The Legend Of Zelda: Skyward Sword
Reach for the sky
Remember the Nintendo Wii? The console that, for better or worse, pioneered motion control and had a nation of casual gamers flapping their arms about as if swatting invisible demons. We don’t cover it much on Pocket-Lint, possibly because it looks like a Fisher Price children’s toy compared to the hi-tech grown-up toys that litter these pages. More prosaically, it’s because there aren’t many games released for it any more. However, when it’s a new Zelda game, we have to take a look. It’s Zelda, a gaming icon for 25 years: the Super Mario that your mum has never heard of.
To be honest, we’ve been loath to review it for another reason. Earlier this year, we spent so much time playing the 3DS remake of 1998’s Ocarina Of Time that we almost began to believe we were a small elfin boy that lived in the woods. That boy is of course Link – unless you sacrilegiously add your own name – and Zelda is the seldom-seen princess that you have to save.
It was ever thus. The Zelda games don’t so much relate to each other as simply tell the same story again in a vaguely different setting, providing something of a modern day fairytale. Skyward Sword’s setting is initially a floating city in the sky, that hoary staple of Japanese roleplaying games. The aptly-named Skyloft is home to Link and Zelda, who appear as fresh-faced youths, perhaps too fresh-faced for the mildly suggestive script.
Thankfully they don’t get to spend too much time alone, as Zelda does her traditional disappearing act, this time to the mythical Surface, the land down below from where Link’s predecessors fled, following some kind of murderous rampage. Naturally, you’re quick on her trail, armed with a couple of gadgets and the titular Skyward Sword.
This magical blade can only be controlled by the equally magical Wii Motion Plus, which is a gadget that you stick into your old Wiimote. The key difference is that unlike the original Wiimote, the Wii Motion Plus sometimes works – think of it as patch for a controller, albeit one that drinks batteries. Giving you full control over your sword, you can slash vertically, horizontally and diagonally, as well as thrust, making each fight a genuine physical battle. We actually got a sweat-on during one of the boss encounters, before heroically vanquishing it via the power of Google.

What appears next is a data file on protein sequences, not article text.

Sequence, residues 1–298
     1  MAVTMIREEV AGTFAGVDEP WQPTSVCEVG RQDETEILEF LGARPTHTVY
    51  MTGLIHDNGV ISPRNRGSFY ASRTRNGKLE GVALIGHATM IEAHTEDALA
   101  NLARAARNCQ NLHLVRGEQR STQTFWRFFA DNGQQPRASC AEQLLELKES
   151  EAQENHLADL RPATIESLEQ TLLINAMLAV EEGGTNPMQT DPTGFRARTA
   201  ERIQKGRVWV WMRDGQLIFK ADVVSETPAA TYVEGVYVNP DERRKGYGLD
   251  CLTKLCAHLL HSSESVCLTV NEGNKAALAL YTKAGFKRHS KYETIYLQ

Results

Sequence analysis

Those fights mainly take place on the surface, which is separated into the traditional areas, replete with mind-bending puzzles and infuriating bosses. However, you’ll often have to head back up to the sky to load up on necessities from Skyloft and its surrounding floating islands. You get around on your very own giant bird called a Loftwing, which is again controlled by the Wii Motion Plus. It’s a perfectly passable giant bird riding simulator, but ultimately it is just transport, and there’s a lot of it, not helped by random people throwing things at you and the odd tornado throwing you off course.
Skyward Sword is a bit of a schizophrenic affair. Down on the surface it’s often a life or death battle, while up top you’re looking for missing kids, collecting bugs or delivering pumpkin soup. How much effort you put in upstairs is rewarded downstairs, but the constant travel can begin to grate and it often feels like you’re taking one step forwards and two steps back.
You can almost be struck off the games hack list for criticising Zelda, but while we’re at it, the text is laborious, and the Siri character that lives in your sword is utterly charmless. Graphically, it all looks a bit anaemic on an HDTV, even if you try to convince yourself that you’re playing a living watercolour with a consistent art style that is more effective than crystal clear realism.
Alternatively, take it upstairs and plug it into an old telly. In fact, given the amount of time you’ll be putting in, that’s probably best for everyone. While we do have a couple of gripes, these only came about through unhealthily extensive play, a result of the trademark sprawling adventure, labyrinthine dungeons, and knife-edge frustration/reward gameplay. While it’s not quite Skyrim, you could easily bypass Christmas and the early part of the New Year, and you probably still won’t have found Zelda.
Skyward Sword may be formulaic, but it’s a formula that has been honed over a quarter of a century. Whether a Zelda completest or a cack-handed novice, there is something for everyone, and the accurate Wii controls do genuinely add to the experience.